The speed of 5G, its ability to connect with many more devices at once, and low latency means that data is sent between two 5G devices almost instantaneously, making it perfect for self-driving cars that need to “think” fast. Experts say the cars, which will be connected to each other and to traffic management systems, will help to improve road safety and traffic flow. According to O2 research, a 5G-enabled road management system could reduce the time motorists spend in traffic by 10% – saving the UK economy £880m a year and reducing CO2 emissions by 370,000 metric tonnes per year.
How will 5G affect businesses?
5G is going to completely change the way organisations operate. Healthcare is one of the sectors expected to benefit the most, and “smart ambulances” are just one example of how this might happen.
In September, a consortium including O2 launched a smart ambulance trial at Millbrook Proving Ground – a vehicle testing facility in Bedford, which is one of the leading 4G/5G test beds in Europe.
The trial will involve equipping an ambulance with state-of-the-art devices and 5G connectivity to transform it into a remote consultation room. Using the latest video conference technology with high picture quality, hospital-based consultants will be able to guide paramedics to conduct on-board treatments immediately. Consultants will have direct access to patient data being generated on-board in real time by monitoring equipment.
O2 is providing devices and 5G connectivity for a similar trial involving six ambulances in the East of England Ambulance Service NHS trust. Lynda Sibson, stroke telemedicine manager at the East of England Stroke Telemedicine Stakeholder Partnership, says: “When someone has a stroke, every minute counts. Being able to bring experts to patients regardless of their location will help save lives, while reducing some of the strain on clinicians and the NHS.”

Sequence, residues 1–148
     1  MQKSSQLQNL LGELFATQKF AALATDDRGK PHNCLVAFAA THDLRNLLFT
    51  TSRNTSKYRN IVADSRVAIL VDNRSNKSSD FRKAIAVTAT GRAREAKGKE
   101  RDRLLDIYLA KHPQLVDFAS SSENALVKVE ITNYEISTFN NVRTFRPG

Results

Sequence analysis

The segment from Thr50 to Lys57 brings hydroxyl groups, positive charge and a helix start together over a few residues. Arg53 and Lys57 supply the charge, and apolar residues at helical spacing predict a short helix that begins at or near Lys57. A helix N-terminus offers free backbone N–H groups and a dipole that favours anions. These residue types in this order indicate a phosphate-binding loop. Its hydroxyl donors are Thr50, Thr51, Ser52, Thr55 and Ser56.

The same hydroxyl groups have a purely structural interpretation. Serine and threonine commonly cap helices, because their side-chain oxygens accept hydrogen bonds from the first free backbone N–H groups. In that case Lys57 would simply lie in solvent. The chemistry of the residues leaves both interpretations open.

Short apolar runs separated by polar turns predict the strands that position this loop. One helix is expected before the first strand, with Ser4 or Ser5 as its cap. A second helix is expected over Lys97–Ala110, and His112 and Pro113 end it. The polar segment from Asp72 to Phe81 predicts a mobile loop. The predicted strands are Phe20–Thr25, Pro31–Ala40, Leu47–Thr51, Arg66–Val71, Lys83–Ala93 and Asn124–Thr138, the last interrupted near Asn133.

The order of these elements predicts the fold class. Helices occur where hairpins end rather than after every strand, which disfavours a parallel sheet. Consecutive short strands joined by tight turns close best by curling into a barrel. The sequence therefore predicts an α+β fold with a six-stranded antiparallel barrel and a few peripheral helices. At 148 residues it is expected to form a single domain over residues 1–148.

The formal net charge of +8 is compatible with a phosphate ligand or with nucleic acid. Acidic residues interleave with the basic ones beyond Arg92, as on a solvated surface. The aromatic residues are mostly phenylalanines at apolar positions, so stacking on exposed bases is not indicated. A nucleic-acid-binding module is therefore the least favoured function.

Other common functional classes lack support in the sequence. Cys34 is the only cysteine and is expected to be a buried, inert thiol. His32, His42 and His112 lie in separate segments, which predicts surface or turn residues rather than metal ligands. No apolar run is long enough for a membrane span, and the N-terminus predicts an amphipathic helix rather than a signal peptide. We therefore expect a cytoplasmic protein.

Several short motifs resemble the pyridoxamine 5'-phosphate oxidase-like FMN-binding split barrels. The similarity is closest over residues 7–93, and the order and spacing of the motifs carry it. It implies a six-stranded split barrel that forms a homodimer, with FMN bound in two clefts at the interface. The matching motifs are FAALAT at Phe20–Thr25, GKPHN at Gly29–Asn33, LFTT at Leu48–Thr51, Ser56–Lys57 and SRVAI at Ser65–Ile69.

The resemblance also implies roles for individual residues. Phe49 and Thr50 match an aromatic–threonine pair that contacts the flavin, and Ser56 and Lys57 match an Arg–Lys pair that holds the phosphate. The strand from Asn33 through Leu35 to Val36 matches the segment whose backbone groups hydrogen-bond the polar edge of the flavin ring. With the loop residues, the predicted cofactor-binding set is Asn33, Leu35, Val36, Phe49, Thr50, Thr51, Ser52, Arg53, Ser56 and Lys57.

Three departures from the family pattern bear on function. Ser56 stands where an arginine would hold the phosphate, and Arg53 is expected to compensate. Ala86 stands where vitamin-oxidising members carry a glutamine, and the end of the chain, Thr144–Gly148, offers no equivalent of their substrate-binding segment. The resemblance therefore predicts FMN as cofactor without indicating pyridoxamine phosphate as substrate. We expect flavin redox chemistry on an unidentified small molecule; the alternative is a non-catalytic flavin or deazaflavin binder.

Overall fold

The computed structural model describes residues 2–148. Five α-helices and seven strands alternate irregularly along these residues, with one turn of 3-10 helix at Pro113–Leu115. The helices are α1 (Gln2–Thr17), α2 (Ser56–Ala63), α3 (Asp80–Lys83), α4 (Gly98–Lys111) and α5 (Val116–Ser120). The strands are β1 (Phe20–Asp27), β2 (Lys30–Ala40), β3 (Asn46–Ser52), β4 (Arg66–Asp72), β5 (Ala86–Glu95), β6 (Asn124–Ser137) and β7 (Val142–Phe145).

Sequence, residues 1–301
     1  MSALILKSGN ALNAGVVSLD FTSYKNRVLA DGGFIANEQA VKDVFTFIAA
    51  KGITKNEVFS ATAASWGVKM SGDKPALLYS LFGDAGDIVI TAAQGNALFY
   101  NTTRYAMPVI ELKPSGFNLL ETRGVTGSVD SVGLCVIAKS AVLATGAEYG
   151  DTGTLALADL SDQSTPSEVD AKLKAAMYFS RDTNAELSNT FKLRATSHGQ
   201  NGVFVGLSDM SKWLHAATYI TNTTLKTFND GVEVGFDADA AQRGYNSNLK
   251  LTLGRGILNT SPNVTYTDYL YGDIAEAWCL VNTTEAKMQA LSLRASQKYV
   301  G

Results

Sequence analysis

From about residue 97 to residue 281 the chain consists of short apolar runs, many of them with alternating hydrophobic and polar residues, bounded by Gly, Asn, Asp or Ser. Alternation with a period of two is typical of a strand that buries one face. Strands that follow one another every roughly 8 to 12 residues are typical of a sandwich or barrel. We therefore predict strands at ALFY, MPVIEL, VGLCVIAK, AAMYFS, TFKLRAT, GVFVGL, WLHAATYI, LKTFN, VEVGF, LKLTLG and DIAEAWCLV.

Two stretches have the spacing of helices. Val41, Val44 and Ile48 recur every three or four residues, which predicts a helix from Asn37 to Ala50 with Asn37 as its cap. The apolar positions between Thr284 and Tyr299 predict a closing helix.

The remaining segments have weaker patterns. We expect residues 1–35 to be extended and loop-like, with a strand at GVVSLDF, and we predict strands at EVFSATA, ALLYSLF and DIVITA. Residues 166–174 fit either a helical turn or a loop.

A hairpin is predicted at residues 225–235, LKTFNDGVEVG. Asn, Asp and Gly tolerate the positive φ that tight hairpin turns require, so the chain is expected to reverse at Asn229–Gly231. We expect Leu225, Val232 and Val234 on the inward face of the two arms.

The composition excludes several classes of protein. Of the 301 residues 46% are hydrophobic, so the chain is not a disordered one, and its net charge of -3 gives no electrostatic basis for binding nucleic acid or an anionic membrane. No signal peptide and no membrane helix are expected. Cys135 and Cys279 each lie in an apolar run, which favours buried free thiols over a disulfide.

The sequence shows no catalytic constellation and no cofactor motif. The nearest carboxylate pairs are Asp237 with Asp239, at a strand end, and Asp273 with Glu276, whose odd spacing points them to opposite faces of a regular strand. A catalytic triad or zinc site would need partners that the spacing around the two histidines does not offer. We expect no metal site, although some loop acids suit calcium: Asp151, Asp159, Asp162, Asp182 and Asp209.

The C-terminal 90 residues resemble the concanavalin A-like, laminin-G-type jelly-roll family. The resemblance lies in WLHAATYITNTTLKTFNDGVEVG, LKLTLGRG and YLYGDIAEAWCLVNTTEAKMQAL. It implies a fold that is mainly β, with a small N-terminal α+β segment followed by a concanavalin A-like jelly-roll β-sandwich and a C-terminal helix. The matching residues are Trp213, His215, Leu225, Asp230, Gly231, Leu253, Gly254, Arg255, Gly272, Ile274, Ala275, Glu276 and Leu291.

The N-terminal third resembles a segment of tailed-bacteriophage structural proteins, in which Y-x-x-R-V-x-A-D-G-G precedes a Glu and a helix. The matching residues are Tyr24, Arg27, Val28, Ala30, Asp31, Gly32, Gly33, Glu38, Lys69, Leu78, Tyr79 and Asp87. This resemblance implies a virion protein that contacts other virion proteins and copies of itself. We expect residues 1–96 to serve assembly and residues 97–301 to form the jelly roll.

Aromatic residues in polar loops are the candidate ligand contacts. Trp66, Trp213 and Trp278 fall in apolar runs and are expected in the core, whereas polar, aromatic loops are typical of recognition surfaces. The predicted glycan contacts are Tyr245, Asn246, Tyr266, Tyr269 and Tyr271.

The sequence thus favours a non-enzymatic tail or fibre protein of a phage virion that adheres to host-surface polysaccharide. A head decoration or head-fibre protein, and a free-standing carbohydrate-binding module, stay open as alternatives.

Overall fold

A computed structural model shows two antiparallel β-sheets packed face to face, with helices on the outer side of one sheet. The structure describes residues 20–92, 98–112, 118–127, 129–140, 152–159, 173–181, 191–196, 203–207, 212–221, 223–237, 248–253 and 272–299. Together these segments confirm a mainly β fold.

Is it just healthcare that will benefit from 5G?
No, every sector will benefit. In construction, for example, devices connected by 5G will transform the way building materials are procured. They will automatically order the right materials to be delivered at the right place at the right time, helping construction projects to complete on time and within budget. In agriculture, 5G will help farmers to monitor the health of their cattle and their crops remotely, allowing them to act as soon as the data highlights a problem. In education, 5G will allow children in remote places to take part in classes using augmented or virtual reality. The possibilities are endless.
So when can we start using 5G?
5G is already available on mobile devices in some parts of the country, but we’re probably three to five years away from having smart ambulances and driverless cars on our roads, and seamless connectivity on underground travel networks. O’Reilly says: “5G is not the final destination in the way that 3G and 4G was. It’s going to be an evolving journey, and that in itself is very exciting.”